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Pro-Russia edits at RNZ may have been happening for years



An RNZ digital journalist who allegedly inserted pro-Russian sentiment into news stories claims they have edited reports in that way for five years and nobody queried it.

The public broadcaster is launching a review after it said it found out on Friday that stories were being altered to give them a pro-Russian slant.

That was despite concerns being raised about the journalist’s work more than a year ago. They have now been placed on leave.

So far, 250 stories have been reviewed and 16 have had to be corrected.

RNZ management has conceded the broadcaster’s process for publishing stories from other media companies has not been strong enough, and there will be an external review of editorial processes.

“I subbed several stories that way over the past number of years,” the journalist told Checkpoint.

“In fact since I started RNZ and… I have done that for five years and nobody has tapped me on the shoulder and told me that I was doing anything wrong.”

Checkpoint reported that those claims had not yet been verified by the staff member’s managers.

An important distinction
RNZ chief executive and editor-in-chief Paul Thompson told Checkpoint, in response to the staff member’s claims that no issues were raised about editing for years, that those comments appeared to be about the staffer’s overall role as a sub-editor.

“The job of a sub-editor is to improve stories, add context, improve the journalism. What we’re talking about here is a very small proportion of stories where something quite different happened, where incorrect and misleading information was inserted into wire copy. So it’s important to make that distinction.”

Thompson described the altered copy as “pro-Kremlin garbage”.

“We’re feeling shocked and stunned and really, really challenged by this,” he told Checkpoint.

Thompson said there was an employment process underway in relation to the RNZ staff member.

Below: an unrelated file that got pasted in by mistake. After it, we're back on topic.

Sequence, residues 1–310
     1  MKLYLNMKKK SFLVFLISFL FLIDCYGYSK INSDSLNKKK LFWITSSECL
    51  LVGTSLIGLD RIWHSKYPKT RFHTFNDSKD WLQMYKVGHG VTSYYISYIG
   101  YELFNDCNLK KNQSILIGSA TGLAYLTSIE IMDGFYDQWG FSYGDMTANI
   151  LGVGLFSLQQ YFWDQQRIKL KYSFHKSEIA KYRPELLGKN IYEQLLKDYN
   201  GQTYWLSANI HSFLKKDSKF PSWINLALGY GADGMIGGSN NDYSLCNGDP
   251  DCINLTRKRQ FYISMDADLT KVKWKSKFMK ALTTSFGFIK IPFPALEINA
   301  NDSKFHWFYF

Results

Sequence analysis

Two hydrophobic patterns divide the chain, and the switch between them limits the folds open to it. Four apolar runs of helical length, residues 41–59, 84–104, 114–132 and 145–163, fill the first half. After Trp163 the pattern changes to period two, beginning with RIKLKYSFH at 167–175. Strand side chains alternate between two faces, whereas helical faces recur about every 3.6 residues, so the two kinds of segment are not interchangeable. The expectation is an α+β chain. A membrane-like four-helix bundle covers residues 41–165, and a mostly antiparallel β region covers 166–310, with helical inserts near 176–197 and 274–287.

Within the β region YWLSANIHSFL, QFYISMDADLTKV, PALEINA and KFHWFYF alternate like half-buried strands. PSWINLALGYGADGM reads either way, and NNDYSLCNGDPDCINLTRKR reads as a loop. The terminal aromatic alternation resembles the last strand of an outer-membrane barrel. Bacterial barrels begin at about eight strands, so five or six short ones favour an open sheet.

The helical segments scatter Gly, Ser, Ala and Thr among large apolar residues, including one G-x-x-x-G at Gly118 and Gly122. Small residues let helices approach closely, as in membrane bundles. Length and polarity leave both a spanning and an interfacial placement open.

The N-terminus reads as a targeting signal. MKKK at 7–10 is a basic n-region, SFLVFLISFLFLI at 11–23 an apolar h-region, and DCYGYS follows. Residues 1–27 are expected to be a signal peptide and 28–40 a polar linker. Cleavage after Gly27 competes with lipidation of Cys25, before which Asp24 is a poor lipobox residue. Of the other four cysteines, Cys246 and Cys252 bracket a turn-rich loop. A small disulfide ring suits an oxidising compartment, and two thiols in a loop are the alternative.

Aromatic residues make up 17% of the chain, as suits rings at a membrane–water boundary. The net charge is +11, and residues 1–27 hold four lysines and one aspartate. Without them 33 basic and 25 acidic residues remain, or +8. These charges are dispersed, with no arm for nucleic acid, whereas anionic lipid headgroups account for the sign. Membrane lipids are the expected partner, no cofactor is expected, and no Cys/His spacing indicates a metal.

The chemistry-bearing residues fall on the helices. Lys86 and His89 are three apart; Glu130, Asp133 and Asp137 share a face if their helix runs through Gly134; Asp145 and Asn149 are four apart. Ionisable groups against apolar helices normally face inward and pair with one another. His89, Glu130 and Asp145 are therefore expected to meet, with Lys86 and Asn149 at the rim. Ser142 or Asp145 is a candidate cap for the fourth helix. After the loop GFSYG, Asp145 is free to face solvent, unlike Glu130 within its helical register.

“What’s happened is a serious breach of our editorial standards and personally, I’m just so gutted by it.

“We’ve let our audience down, and the Ukrainian community down, but I do need to make sure that we have a robust process because we’ve got enough challenges on our plate at the moment, I don’t want to compound that by getting ahead of a fair process.”

He said the audit had not yet found examples of inappropriate edits outside of Ukraine-Russia stories.

“I would point out that it is confined to one area… they’re still serious, I’m not diminishing it at all.

“We’ve done a really good look to make sure that we have a good feel for the range of the problems and I’m confident they’re confined to this one area.”

Thompson said senior staff from both the digital and wider news team were involved in the audit.

They were the right people for the job as they knew how the system worked, he said.

“What they’re doing is getting to the bottom of the audit and looking at every story and I’m confident in that process and it’s being done very well and very robustly,” Thompson said.

The independent review would look at robustness of processes around editing of stories for the website. The findings would be “very challenging” and they would be made public, he said.

“I think that is the best path to making sure any other issues are surfaced.”

In May 2022, serious concerns were raised about the same RNZ staff member’s work in a story written about Russia.

Thompson said the story received additional content and editing which met editorial standards.

“We did review the story at the time and … the story was changed to meet our editorial standards so our systems actually worked at the time.”

Thompson said the journalist was notified.

Thompson said he had not made any decisions yet on changing the editorial structure of RNZ as a result.

“I think that will be something I will be reflecting on and I’ll be looking to do anything which can make a positive difference, because we need to get to the bottom of this and we need to improve things.”

Thompson said he had not offered his resignation over the matter, nor had anyone else in management.

The independent review will report to the board and provide any advice to them.

Public confidence ‘eroded’
RNZ board chairperson Jim Mather told Checkpoint the actions of the staff member who inserted pro-Russian sentiment into web copy published on the RNZ website had “eroded” public confidence in the broadcaster.

He said he was extremely disappointed on behalf of the board. Mather said RNZ was a taonga, with 98 years of history as trusted public media.

“The role the board is going to take is we are going to appoint the panel of trusted individuals, experienced journalists, those that do have editorial experience to undertake the review. This is going to be done completely separate from the other work being undertaken by management,” he said.

They would leave “no stone unturned”.

“This is one of those times when the board needs to step up into this role, and we have undertaken that.” They would meet on Tuesday to decide the terms of reference.